Bill Dunkelberg is a professor of economics at Temple University, and writes a series of commentaries on the economy for the Wynnewood Institute that are well worth a read. His most recent article has several useful nuggets, including
A decade ago in these commentaries I predicted the demise of General Motors and the big three. In the tradition of good forecasting, I did not provide a date. But it has come to pass. GM has been liquidating itself for years now. It sold 51 percent of its best assets, General Motors Acceptance Corp and gave the proceeds to its unions, failing to use the funds to improve its car designs or its factories. Ford and Chrysler have done much the same.
He also notes that the natural rate of increase in demand for homes in the US (based on new household formation, migration, etc.) is 1.3 million units. Last year, the housing industry was producing about 700,000 new units (down from an obviously unsustainable rate of 2 million per year in 2006).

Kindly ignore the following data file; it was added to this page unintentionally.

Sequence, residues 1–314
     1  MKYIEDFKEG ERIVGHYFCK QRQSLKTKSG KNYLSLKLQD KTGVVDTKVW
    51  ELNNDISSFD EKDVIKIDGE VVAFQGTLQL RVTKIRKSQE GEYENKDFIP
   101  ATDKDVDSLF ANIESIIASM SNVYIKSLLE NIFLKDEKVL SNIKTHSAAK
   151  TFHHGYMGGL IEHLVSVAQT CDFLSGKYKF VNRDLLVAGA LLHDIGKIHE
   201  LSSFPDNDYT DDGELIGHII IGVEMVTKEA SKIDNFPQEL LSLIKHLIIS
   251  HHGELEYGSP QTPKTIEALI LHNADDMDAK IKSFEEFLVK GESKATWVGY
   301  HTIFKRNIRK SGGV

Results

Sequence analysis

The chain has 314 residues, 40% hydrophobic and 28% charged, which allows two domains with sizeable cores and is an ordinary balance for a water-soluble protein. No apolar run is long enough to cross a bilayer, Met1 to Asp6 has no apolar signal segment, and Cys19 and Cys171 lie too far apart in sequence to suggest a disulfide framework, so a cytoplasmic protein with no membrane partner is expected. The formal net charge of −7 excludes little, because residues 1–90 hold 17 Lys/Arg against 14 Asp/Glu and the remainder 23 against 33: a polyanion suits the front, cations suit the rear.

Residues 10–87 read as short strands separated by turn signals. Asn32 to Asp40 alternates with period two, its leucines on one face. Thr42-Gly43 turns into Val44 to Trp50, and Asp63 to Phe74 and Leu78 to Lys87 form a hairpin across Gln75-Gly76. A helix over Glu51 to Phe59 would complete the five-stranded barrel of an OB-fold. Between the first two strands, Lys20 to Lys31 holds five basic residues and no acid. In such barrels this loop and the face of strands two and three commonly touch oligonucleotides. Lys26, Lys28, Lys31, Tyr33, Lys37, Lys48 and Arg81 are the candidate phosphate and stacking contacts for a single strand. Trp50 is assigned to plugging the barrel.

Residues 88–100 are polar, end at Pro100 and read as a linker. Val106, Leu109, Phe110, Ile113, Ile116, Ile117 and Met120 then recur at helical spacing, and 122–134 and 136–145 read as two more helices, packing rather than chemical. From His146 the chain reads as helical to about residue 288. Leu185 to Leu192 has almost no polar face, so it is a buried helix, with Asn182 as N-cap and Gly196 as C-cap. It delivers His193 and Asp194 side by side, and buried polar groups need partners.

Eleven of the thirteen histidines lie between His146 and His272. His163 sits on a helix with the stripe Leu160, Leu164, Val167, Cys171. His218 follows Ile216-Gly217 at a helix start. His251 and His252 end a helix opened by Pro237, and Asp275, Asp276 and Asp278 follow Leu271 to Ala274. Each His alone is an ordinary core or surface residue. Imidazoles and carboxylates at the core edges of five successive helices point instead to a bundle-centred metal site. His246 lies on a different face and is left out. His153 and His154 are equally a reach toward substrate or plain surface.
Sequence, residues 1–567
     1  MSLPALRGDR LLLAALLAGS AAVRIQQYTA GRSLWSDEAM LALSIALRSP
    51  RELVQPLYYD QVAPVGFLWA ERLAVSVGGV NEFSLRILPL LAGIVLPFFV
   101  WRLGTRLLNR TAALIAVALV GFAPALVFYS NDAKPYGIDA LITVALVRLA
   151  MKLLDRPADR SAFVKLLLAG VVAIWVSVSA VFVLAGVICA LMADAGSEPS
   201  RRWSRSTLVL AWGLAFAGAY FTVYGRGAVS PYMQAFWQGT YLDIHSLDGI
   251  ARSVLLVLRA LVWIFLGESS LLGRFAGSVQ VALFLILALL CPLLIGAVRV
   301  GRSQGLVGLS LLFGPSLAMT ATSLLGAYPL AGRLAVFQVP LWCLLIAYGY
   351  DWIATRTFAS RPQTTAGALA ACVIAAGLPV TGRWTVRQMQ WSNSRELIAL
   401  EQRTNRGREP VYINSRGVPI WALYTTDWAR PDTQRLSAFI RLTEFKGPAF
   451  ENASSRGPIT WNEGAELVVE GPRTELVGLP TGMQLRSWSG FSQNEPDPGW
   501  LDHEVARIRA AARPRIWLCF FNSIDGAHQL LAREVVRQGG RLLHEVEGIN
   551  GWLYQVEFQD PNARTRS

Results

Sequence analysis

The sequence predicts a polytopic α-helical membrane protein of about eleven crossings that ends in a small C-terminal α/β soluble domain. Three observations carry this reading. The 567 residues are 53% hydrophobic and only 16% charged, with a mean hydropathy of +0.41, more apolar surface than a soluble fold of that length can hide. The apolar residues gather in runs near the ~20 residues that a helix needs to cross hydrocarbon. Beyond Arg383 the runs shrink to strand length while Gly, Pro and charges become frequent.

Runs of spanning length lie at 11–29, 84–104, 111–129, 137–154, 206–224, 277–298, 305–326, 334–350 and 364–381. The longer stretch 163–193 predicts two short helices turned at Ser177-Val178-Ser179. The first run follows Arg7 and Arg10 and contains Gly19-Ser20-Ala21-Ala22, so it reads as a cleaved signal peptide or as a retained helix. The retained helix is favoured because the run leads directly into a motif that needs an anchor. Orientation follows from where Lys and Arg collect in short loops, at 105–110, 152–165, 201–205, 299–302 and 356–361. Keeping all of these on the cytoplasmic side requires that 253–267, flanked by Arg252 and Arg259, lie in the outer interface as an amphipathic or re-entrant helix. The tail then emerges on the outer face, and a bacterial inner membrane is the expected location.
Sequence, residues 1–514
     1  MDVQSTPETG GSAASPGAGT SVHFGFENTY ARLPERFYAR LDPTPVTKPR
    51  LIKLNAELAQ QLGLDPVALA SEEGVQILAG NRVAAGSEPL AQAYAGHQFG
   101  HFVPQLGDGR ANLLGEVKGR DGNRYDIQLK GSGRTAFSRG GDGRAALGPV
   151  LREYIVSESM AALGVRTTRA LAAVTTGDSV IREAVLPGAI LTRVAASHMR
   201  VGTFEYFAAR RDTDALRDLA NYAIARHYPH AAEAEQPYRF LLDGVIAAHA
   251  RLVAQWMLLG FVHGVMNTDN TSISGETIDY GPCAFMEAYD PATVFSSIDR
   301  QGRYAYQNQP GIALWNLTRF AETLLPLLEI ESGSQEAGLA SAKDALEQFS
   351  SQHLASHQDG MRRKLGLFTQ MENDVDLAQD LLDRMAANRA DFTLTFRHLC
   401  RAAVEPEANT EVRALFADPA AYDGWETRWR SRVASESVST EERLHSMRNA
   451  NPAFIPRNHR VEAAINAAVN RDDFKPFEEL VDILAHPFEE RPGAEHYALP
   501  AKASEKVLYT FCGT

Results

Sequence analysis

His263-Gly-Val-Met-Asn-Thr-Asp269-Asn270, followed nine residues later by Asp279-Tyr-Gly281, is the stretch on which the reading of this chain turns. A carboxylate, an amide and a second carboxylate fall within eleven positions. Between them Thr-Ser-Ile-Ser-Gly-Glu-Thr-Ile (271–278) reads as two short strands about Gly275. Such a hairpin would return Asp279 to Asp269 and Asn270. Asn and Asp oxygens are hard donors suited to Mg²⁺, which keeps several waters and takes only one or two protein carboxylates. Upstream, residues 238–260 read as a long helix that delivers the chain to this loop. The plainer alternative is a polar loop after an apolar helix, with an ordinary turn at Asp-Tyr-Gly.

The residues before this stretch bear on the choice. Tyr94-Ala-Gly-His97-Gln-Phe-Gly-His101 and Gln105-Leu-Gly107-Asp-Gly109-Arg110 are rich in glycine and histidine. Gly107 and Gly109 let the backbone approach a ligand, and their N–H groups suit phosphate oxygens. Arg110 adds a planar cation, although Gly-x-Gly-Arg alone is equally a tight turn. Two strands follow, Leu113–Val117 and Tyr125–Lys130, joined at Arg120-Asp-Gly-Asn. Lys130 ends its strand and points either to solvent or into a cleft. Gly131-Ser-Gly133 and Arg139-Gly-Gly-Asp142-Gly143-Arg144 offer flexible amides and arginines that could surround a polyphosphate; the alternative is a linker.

So, the 700,000 figure is bad news for today's economy since it means fewer construction jobs and lower economic growth. But it's good news for the future since we are producing fewer houses than fundamental demand requires, so we can get rid of some of those excess house that are currently depressing home prices. The faster we get rid of the over-supply, the sooner we can get back to building.
In other words, the housing industry will rebound, but only after the market recalibrates.